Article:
Ken Burns has been making documentary films for almost 40 years. Since the Academy Award-nominated Brooklyn Bridge in 1981, Burns has gone on to direct and produce some of the most acclaimed historical documentaries ever made, including The Civil War; Baseball; Jazz; The Statue of Liberty; Huey Long; Lewis and Clark: The Journey of the Corps of Discovery; Frank Lloyd Wright; Mark Twain; Unforgivable Blackness: The Rise and Fall of Jack Johnson; The War; The National Parks: America’s Best Idea; The Roosevelts: An Intimate History; Jackie Robinson; and, most recently, Defying the Nazis: The Sharps’ War.
His newest film, The Vietnam War, a 10-part, 18-hour series co-directed by long-time partner Lynn Novick, will air on PBS in September 2017.
A December 2002 poll conducted by Real Screen Magazine listed The Civil War as second only to Robert Flaherty’s Nanook of the North as the “most influential documentary of all time,” and named Ken Burns and Robert Flaherty as the “most influential documentary makers” of all time. In March 2009, David Zurawik of The Baltimore Sun said,
Burns is not only the greatest documentarian of the day, but also the most influential filmmaker period. That includes feature filmmakers like George Lucas and Steven Spielberg. I say that because Burns not only turned millions of persons onto history with his films, he showed us a new way of looking at our collective past and ourselves.
The late historian Stephen Ambrose said of his films, “More Americans get their history from Ken Burns than any other source.”
Burns’ films have been honored with dozens of major awards, including 15 Emmy Awards, two Grammy Awards and two Oscar nominations; and in September 2008, at the News & Documentary Emmy Awards, he was honored by the Academy of Television Arts & Sciences with a Lifetime Achievement Award.
Ken Burns, a PBS mainstay and award-winning documentarian, has responded to criticism around his relationship with the public broadcaster and diversity within the larger documentary community.
Speaking to The New York Times Sway podcast host Kara Swisher for an episode titled, “Is Ken Burns Taking Up Too Much Space?” the creator of popular documentaries Baseball, Jazz, The Civil War and the upcoming Muhammad Ali documentary responded to criticisms around white documentarians like himself being the arbiters of narratives around Black figures. Burns defended his work on projects like Jazz and his latest doc focused on the famous boxer and activist, arguing that as someone who explores American history, he can’t escape covering race.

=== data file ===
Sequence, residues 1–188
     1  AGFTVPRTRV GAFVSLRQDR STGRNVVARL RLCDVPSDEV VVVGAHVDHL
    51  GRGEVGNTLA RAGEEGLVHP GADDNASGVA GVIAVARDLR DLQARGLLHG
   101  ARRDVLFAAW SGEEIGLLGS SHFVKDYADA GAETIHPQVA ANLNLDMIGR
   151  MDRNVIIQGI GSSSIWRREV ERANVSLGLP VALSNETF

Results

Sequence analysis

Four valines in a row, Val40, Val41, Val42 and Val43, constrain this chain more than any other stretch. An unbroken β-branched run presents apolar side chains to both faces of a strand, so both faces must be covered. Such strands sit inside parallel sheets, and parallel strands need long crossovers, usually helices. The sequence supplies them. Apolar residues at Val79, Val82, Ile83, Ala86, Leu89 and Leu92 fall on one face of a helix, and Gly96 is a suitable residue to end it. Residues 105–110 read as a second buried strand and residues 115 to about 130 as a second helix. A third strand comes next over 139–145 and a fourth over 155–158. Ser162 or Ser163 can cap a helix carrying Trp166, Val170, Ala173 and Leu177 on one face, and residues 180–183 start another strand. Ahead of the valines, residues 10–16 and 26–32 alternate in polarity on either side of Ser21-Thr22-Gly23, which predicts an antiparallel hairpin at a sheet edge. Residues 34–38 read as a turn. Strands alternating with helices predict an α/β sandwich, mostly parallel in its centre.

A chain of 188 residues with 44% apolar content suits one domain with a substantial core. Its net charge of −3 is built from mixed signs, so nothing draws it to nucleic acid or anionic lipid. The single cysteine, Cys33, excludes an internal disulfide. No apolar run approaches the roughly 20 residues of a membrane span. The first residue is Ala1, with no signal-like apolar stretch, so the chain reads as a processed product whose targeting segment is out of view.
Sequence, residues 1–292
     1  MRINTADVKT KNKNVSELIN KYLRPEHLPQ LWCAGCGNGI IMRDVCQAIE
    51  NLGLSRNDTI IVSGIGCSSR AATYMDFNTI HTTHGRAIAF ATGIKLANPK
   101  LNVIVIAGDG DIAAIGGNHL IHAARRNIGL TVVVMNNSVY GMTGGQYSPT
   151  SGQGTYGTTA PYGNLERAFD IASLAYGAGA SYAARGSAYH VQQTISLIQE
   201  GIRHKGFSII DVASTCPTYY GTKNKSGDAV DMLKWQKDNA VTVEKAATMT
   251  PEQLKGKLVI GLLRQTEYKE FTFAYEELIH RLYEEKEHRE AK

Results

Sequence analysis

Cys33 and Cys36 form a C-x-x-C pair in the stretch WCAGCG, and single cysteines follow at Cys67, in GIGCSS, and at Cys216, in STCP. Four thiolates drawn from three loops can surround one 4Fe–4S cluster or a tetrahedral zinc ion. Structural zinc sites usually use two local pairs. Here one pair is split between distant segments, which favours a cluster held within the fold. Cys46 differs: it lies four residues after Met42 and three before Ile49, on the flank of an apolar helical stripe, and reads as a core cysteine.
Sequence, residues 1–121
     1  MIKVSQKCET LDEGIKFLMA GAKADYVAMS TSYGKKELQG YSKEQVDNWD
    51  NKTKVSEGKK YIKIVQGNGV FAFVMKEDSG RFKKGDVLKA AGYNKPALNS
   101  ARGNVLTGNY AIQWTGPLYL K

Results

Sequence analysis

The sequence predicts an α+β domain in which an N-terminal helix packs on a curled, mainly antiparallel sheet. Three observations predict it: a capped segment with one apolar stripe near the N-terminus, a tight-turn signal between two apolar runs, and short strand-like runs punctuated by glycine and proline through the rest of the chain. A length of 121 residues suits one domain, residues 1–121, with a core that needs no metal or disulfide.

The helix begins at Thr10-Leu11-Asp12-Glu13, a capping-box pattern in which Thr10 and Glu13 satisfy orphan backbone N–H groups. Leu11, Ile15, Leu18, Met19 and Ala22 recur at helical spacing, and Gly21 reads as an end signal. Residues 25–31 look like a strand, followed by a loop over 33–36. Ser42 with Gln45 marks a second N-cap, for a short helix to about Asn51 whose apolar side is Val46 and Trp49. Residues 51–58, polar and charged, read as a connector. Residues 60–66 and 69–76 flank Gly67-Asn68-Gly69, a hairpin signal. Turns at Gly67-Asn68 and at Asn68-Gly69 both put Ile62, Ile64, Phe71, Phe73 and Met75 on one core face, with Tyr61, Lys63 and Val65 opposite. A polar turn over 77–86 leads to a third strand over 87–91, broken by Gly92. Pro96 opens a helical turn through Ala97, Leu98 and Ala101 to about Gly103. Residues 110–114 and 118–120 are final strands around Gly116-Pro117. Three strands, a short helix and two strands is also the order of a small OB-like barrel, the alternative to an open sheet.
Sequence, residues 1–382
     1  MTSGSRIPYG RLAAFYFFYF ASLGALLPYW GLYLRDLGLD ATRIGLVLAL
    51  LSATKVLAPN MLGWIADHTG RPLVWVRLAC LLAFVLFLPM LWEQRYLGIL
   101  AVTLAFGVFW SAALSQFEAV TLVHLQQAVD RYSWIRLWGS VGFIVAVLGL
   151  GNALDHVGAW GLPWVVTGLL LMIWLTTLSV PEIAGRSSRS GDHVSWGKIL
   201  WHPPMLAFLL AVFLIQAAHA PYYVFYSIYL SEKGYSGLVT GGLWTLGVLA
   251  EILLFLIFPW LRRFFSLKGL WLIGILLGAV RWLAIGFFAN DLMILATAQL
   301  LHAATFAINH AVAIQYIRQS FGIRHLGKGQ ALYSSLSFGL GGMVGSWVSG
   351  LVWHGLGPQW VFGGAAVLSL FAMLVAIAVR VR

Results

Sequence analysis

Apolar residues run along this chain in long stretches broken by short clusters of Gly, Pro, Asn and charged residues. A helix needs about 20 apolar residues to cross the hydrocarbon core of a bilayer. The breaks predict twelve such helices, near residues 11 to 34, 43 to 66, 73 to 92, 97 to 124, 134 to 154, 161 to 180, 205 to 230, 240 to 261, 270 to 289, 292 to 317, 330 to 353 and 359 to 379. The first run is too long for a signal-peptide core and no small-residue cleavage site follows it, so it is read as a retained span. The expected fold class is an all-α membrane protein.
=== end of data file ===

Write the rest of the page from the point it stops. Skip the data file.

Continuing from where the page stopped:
“My beat is American history and what I found over the years is that every story, regardless of whether it’s obviously this — Muhammad Ali — is going to intersect with race,” he said. “We know when we were founded, and we know why we were founded, we know our catechism: We hold these truths to be self-evident that all men are created equal. I’m a third of the way through the sentence and you have got to stop because the guy who wrote it owned slaves and didn’t see the hypocrisy and didn’t see the contradiction. So you can’t deal with American history, which is what I’m interested in in my heart — I cannot do this without touching on these stories.”
When Burns was asked whether his exclusive deal with PBS through 2022, which has seen him produce more than 200 hours of documentary material for the broadcaster over 40 years, meant he was “taking up the lion’s share of attention” over other documentarians, he rejected the notion that he was “taking up” anything, stating that he represents “a tiny little bailiwick” and “we just make films and we work hard at promoting them and they are successful,” he told Swisher.
After explaining that he receives “proportionately less percentage of my money from PBS than other filmmakers” and that he raises the rest on his own, the director went on to stress that “the popularity of the films” he produces might be playing into the perception that he’s occupying more airtime than others. Being at something for several decades means “you’re gonna accumulate,” according to Burns.